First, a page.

Campaign finance | Political participation | US government and civics | Khan Academy

Campaign finance | Political participation | US government and civics | Khan Academy

– [Instructor] Let’s
talk a little bit about money and elections in the United States, and the various actors
that might be involved. You of course at the center of the action, you have the various
campaigns for the candidates. Then you have the party committees that will try to influence the election, and we’ll talk about how in a little bit. You have individuals who
besides being voters, can also be donors. And then you have organizations. It could be corporations,
it could be interest groups, it could be labor unions. And then last but not least,
we have these two boxes where you see PAC 1 and PAC 2. The obvious question is, what is a PAC? Well it stands for
political action committee, and they’ve been around for decades. A simple way to think about is
it’s a way to pool resources which then can be donated to other parties to influence an election. But how can the money actually flow? Well as you can see, it can flow in many, many, many different ways. And to help us understand this, I’m gonna introduce some terminology that you might’ve heard before. There is hard money. Hard money is money that
is actually regulated by the Federal Election Committee, and there are caps in terms of how much people can donate to various parties. In general, any donation
to a candidate’s campaign is considered hard money. That would be hard money there
coming from the individuals. This would be hard money right over here coming from that PAC which
has pooled a bunch of money. This would be hard money right over here coming from that PAC to
Donald Trump’s campaign. This would be hard money coming
from the Democratic party to Hillary Clinton’s campaign, or from the Republican party
to Donald Trump’s campaign. If there’s something called hard money, perhaps there’s also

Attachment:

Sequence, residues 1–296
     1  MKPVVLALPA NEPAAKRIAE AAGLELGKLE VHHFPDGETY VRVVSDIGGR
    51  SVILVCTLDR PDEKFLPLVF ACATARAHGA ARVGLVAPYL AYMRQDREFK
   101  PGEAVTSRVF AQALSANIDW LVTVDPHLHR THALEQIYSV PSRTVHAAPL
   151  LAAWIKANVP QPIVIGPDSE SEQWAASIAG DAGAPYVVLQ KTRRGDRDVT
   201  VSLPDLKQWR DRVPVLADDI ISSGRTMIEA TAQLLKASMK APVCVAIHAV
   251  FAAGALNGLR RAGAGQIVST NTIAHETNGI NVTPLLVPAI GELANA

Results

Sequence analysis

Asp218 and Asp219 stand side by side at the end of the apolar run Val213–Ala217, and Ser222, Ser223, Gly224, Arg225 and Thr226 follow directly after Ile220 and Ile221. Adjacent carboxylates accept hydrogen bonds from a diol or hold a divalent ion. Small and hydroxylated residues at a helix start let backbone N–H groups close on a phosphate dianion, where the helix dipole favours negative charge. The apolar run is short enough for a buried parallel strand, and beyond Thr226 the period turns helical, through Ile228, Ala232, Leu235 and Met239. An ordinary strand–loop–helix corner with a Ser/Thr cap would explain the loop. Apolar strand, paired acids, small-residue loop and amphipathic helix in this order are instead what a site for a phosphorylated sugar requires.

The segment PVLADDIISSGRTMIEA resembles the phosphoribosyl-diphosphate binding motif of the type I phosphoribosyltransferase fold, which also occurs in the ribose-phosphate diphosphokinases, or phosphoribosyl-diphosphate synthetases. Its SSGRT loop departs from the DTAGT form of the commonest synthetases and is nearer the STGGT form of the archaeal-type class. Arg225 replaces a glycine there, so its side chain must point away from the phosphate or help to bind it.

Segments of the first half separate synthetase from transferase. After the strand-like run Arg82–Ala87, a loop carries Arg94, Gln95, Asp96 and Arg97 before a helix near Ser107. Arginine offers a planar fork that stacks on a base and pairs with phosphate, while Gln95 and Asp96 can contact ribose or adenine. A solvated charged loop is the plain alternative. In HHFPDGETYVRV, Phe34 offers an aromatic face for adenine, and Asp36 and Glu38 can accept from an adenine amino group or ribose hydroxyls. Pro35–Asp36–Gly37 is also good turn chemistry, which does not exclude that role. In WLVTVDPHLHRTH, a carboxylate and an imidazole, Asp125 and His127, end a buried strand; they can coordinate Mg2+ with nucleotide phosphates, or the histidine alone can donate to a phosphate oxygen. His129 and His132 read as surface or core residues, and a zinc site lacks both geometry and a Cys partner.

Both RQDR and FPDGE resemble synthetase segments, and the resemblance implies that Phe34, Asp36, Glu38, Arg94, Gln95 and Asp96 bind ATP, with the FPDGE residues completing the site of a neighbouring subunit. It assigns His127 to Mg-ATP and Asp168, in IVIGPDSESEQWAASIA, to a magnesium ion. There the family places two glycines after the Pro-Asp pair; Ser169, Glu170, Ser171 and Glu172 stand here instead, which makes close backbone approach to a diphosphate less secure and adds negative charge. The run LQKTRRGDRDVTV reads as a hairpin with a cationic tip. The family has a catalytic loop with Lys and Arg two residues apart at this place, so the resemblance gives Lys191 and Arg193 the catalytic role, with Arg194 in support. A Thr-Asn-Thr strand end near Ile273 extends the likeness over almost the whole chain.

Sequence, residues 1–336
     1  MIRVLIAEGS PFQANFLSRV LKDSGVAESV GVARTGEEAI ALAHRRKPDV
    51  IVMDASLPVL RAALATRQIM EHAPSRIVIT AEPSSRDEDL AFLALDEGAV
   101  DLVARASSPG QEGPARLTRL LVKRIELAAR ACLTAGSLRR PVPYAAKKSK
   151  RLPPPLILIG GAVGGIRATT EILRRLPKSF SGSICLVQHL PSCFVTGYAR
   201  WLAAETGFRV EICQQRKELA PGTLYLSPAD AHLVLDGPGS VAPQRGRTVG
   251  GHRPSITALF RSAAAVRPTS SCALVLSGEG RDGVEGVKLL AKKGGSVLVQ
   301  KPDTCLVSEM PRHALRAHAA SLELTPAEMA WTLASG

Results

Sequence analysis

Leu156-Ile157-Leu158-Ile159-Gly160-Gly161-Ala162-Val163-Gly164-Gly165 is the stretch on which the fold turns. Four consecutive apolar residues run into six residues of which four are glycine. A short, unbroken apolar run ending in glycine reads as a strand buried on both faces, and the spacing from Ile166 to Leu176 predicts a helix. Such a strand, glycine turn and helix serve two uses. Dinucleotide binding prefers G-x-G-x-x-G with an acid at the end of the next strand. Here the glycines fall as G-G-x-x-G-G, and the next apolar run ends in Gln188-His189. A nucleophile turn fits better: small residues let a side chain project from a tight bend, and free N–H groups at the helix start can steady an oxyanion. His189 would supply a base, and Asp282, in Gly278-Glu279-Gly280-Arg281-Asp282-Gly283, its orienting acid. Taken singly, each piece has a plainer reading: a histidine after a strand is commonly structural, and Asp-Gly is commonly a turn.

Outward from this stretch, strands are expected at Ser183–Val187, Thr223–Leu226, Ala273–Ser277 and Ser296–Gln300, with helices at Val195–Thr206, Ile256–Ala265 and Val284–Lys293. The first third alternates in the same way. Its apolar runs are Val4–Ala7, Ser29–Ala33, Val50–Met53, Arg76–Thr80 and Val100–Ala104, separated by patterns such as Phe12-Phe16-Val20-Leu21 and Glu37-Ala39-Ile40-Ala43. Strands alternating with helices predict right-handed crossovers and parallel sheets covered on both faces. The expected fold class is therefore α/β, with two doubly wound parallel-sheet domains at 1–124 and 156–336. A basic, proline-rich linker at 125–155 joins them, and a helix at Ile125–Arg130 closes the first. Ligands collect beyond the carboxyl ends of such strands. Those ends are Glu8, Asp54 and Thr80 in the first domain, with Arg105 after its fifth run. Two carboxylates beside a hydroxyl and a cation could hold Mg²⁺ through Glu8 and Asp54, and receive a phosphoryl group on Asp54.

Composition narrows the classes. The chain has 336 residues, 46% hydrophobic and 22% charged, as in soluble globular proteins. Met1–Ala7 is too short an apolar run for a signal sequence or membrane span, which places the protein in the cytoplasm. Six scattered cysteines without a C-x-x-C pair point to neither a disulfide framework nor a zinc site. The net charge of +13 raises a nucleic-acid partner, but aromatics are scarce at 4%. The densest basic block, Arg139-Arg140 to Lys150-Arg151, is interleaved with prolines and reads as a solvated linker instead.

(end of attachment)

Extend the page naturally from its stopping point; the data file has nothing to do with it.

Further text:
something called soft money, and you would be correct. There is something called soft money. A simple definition for soft money is it doesn’t have the regulations
that hard money does. An example of it would be let’s say the Democratic party
here, some of the money that they spend, so I’ll just draw some of the money they spend,
this part right over here. Maybe some of the money
that the Republican party spends during the election, it’s used for what’s sometimes known as
party building activities to get more people to join their party, or to advertise about certain issues. As long as it’s done not in coordination with the candidate’s campaigns, this is not going to have any limit. Some of the money that goes
from an individual to a party, or some of the money that
goes from a PAC to a party, can also be considered
soft money if once again, if it keeps separate
from coordinating with the candidate’s actual campaign, and used for those party
building activities. Now party building is a
pretty broad definition. Soft money has been demonized a lot because people say well, it’s
just a way of getting around campaign finance regulations. Because even though it might
not be directly coordinated with a candidate’s campaign,
it can influence an election in a pretty significant way. Now to further understand this diagram, you see these dotted lines
between the corporations or the labor unions and these
political action committees. What does that mean? Well a political action
committee can be connected or sponsored by a
corporation or a labor union, but it cannot receive funds
directly from the treasury of that corporation or labor union. The corporation can
sponsor it, can say hey, this is associated with us. If it’s say, a labor union,
it can go to its membership and say hey, I want you
to donate to this PAC. If it’s a corporation it can
go to its management team and say hey, let’s all donate
to this PAC personally. Or it could go to its
shareholders and say hey, why don’t we all donate to this PAC? Because this PAC can donate money to the party or the
candidate that might help influence the election in a
way that might benefit us, or benefit the corporation. Now an attempt to limit
soft money came in 2002, when you have the Bipartisan
Campaign Reform Act of 2002, often known as McCain-Feingold, who are the two sponsors in the Senate. Among other things, it tried